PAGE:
The wide employment of authority as a tool for coordination of group activity reflects the important uses to which this tool may be put. Three functions of authority deserve special notice:

  1. It enforces responsibility of the individual to those who wield the authority;
  2. It secures expertise in the making of decisions;
  3. It permits coordination of activity.

1. Responsibility

Writers on the political and legal aspects of authority have emphasized that its function is to enforce the conformity of the individual to norms laid down by the group, or by its authority-wielding members.16 The enactments of a legislature, for instance, are accepted as authoritative not only by the administrative hierarchy employed by the state, but by all the persons subject to its jurisdiction. When disobedience occurs, an elaborate set of sanctions may be invoked and applied against the recalcitrant member. The central core of many of the most important social institutions consists of a system of authority, and a set of sanctions for enforcing it. The state itself is the primary example, but the law of property, the church, and even the family also fall in this category.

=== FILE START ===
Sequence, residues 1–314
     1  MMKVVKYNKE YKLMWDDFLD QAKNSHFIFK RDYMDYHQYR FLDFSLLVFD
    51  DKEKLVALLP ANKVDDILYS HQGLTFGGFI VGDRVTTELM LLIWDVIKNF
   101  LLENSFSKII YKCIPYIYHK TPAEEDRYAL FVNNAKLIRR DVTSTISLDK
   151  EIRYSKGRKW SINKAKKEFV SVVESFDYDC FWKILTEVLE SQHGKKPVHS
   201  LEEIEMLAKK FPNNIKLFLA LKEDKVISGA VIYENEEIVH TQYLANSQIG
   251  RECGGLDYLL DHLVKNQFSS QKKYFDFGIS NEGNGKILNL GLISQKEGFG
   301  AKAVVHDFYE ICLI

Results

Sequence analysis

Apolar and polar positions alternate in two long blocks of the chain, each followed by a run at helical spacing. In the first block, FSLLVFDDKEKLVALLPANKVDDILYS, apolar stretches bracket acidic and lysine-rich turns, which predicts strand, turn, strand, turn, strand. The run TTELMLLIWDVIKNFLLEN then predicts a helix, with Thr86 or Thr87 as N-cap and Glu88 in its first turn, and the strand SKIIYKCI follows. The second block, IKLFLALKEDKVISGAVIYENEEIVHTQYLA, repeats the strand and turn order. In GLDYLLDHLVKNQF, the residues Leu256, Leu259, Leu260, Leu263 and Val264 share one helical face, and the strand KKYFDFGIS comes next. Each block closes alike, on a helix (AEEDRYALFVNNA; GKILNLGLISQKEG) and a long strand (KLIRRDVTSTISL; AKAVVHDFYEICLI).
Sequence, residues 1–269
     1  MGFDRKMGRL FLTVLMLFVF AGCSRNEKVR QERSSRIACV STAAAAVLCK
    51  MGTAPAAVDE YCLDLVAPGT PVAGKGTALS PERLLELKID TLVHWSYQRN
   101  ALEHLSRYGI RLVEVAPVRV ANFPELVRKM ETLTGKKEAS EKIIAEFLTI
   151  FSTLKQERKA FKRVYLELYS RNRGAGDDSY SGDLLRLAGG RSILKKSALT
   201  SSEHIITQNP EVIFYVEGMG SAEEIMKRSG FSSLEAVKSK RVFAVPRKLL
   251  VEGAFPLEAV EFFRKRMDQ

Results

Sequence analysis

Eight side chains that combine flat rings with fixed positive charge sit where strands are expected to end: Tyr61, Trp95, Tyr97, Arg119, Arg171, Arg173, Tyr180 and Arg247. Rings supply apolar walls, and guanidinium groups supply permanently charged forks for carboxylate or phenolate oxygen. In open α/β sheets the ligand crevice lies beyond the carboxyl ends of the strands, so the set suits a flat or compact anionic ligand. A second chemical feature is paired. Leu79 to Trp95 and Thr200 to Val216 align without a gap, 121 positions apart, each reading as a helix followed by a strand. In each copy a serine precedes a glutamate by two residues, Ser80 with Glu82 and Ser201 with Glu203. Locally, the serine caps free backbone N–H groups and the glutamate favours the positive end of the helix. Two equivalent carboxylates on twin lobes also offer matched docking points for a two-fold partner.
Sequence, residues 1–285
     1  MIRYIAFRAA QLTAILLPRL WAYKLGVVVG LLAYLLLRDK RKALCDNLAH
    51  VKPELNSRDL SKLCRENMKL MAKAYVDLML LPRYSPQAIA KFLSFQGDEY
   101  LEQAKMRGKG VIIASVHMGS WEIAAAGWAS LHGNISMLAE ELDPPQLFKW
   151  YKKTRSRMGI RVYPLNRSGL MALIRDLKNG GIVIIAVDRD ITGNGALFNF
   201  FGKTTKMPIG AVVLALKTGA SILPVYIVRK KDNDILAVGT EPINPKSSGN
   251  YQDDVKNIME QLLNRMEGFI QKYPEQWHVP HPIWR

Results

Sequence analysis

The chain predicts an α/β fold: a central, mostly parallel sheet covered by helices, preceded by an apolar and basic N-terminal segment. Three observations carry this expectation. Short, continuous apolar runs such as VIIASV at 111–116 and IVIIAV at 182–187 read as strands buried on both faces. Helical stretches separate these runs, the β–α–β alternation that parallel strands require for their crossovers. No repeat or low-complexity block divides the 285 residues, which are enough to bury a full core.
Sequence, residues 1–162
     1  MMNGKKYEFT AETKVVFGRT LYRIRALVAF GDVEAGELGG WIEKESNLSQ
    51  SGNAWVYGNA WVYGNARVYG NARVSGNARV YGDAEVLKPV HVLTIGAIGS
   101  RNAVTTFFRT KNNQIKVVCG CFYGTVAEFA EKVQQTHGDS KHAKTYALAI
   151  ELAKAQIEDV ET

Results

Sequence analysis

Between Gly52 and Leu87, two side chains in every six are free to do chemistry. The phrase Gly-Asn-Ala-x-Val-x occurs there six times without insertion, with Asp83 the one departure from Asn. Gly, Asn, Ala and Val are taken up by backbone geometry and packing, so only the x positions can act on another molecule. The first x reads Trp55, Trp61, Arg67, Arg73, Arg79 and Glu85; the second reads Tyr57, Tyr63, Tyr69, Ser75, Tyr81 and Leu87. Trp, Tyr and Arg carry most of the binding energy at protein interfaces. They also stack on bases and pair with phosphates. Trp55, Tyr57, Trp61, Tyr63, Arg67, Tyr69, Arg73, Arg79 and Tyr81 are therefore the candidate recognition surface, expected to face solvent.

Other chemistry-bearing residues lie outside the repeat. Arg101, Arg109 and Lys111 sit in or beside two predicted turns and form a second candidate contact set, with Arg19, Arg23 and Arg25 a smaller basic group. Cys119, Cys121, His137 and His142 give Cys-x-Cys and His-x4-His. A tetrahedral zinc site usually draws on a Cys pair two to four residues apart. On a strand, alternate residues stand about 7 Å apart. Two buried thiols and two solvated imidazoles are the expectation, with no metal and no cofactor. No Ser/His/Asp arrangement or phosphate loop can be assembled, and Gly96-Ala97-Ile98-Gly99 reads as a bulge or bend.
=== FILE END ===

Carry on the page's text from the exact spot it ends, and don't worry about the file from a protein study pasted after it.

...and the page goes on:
This aspect of authority is of considerable importance for our own discussion. The notion of an administrative hierarchy in a democratic state would be unthinkable without the corresponding notion of a mechanism whereby that hierarchy is held to account.64 The question of responsibility must be a central issue in any discussion of the relation between administrative and legislative bodies, or in any analysis of administrative law.